Location controversy

While it is certain that the cult devoted to Saint Alban was established in Verulamium and his martyrdom was also alleged to have taken place there, the sources are unclear about where he was actually executed. Neither Victricius's De Laude Sanctorum nor the Passio Albani mention where he was martyred, other than that it was in Britain. In the Vita Germani, Germanus visits Alban's tomb and touches droplets of his blood still on the ground, but the text does not name the location of the tomb. It is not until Gildas that Alban is connected with Verulamium.

Cult of Saint Alban

The hilltop located outside Verulamium eventually became a cult centre devoted to Alban. A memoria over the execution point and holding the remains of St Alban existed at the site from c. 300, and possibly earlier. However, when and how the cult of Saint Alban originated is the subject of some debate: there is little textual or archaeological evidence that a cult of Saint Alban existed before Germanus of Auxerre visited the site in 429. In fact, one version of the Passio Albani says that Germanus didn't know the name or story of Saint Alban before visiting the site, and that Alban appeared to him in a dream to reveal his identity and martyrdom story.[10] This implies that the cult of Saint Alban did not exist before the arrival of Germanus. Germanus is said to have taken away dust from the site, which was still marked with Alban's blood.[11] The cult and veneration of saints was still in its infancy at this time, and it has been suggested that Germanus had a hand in creating and promoting the cult of Saint Alban.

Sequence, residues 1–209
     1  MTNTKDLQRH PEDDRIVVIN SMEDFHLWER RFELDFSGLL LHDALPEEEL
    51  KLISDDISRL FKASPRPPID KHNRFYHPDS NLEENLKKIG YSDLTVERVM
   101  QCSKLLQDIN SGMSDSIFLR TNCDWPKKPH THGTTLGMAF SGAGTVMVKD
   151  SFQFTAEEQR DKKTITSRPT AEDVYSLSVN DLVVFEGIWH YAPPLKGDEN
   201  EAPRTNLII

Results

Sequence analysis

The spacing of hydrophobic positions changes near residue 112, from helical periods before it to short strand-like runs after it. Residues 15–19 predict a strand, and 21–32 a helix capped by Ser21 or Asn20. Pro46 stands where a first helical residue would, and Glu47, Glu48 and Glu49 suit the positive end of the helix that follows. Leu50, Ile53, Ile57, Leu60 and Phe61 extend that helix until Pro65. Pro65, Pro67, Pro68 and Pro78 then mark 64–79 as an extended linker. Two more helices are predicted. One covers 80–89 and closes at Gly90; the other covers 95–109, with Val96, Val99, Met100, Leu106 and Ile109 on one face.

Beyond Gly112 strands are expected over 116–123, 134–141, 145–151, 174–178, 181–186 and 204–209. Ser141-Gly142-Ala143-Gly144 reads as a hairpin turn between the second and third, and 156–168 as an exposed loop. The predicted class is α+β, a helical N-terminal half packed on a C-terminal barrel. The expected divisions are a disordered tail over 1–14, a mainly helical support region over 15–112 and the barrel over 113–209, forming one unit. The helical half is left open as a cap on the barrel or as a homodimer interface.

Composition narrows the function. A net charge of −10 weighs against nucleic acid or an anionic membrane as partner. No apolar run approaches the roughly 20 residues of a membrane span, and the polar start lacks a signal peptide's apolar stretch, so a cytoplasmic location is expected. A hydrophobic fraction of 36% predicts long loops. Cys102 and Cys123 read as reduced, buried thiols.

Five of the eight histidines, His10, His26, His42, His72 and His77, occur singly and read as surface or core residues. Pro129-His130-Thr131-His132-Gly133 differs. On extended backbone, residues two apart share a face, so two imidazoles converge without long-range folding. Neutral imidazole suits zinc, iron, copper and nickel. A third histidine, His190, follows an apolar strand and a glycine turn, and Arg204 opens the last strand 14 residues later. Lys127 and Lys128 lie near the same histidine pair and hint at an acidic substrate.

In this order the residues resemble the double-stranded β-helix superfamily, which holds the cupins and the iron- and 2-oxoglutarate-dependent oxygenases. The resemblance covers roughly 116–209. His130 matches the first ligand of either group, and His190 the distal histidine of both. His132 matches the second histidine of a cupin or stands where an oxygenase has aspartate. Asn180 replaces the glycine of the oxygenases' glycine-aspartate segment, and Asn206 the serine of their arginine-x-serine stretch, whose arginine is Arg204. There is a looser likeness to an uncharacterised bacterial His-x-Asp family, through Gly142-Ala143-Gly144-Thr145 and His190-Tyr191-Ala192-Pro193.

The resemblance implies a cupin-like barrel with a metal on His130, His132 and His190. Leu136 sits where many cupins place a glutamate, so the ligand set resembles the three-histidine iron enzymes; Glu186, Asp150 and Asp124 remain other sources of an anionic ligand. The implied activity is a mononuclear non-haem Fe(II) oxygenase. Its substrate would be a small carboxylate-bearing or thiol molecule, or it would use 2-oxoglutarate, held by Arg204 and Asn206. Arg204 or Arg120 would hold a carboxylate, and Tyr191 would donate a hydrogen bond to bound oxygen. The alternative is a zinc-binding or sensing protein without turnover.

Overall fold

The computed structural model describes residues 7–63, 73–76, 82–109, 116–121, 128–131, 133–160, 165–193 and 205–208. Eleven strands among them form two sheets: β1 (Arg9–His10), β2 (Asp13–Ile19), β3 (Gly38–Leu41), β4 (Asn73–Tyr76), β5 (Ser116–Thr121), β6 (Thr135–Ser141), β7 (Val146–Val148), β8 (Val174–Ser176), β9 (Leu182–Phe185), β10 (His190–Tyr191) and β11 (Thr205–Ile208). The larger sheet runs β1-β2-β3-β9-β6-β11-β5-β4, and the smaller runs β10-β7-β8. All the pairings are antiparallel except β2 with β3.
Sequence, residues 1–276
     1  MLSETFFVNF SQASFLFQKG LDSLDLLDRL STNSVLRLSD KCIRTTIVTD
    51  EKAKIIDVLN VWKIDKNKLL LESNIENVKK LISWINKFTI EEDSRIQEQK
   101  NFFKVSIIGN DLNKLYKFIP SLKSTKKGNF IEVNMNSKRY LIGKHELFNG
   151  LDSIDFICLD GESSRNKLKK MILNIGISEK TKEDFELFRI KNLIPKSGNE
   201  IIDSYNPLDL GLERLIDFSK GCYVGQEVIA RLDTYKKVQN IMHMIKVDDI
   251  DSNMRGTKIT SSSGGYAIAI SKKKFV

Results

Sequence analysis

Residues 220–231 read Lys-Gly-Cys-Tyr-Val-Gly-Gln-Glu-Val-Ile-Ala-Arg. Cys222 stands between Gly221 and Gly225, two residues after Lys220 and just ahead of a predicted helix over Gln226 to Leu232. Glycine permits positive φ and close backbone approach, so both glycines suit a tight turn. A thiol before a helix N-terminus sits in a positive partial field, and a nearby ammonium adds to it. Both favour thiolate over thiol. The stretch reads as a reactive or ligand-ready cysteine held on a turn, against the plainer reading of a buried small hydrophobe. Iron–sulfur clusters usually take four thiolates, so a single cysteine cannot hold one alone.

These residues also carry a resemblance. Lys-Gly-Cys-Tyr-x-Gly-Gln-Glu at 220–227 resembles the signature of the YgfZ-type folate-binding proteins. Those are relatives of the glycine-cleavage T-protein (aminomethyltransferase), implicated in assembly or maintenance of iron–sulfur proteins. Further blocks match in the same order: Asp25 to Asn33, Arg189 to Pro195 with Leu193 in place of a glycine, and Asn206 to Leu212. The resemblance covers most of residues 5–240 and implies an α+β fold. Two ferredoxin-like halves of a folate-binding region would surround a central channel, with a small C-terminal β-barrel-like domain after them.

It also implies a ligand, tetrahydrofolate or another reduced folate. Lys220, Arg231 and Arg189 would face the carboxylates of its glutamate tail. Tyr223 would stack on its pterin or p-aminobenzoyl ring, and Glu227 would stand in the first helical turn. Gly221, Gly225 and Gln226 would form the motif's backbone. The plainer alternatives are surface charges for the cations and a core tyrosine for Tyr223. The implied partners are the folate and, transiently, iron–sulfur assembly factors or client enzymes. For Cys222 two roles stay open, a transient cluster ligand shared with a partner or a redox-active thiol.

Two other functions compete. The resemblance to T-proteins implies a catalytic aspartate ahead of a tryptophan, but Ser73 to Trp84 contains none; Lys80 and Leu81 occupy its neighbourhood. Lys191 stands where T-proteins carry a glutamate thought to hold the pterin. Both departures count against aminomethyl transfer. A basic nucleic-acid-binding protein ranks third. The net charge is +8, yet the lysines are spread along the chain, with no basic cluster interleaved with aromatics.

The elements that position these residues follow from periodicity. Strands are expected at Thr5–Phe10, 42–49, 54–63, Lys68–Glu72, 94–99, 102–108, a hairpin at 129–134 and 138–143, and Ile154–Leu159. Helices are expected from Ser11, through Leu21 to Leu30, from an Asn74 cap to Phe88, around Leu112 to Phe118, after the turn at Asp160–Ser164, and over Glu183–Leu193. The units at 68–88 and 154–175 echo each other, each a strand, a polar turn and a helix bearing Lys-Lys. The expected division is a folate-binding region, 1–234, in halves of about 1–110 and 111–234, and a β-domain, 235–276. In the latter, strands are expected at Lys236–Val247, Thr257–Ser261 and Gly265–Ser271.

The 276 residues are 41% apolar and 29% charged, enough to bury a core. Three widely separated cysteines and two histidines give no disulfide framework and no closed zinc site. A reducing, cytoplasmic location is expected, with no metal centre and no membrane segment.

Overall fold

Shrine of Saint Alban in St Albans Cathedral

Gildas (c. 570) mentions a shrine, and Bede (c. 720) mentions a church. Offa of Mercia established a Benedictine Abbey and monastery at the site c. 793, but the abbey was probably sacked and destroyed by the Danes c. 890. It was rebuilt by the Normans, with construction beginning in 1077. By the High Middle Ages St Albans ranked as the premier Abbey in England. The abbey church now serves as the cathedral of the Diocese of St Albans, established in 1877.

In a chapel east of the crossing and high altar, there are remains of the fourteenth century marble shrine of St Alban.[7] In June 2002 a scapula (shoulder blade), believed to be a relic of St Alban, was presented to St Albans Cathedral and placed inside the saint's restored 13th-century shrine. The bone was given by the Church of St Pantaleon in Cologne, Germany . St Pantaleon's, like St Albans Cathedral a former Benedictine abbey church that had a shrine dedicated to St Alban, has possessed remains believed to be those of St Alban since the 10th century. It is entirely possible that further relics were acquired by the church in the 16th century at the time of the Dissolution of the Monasteries in England, when many such relics were smuggled abroad to prevent their destruction; St Albans Abbey was dissolved in 1539.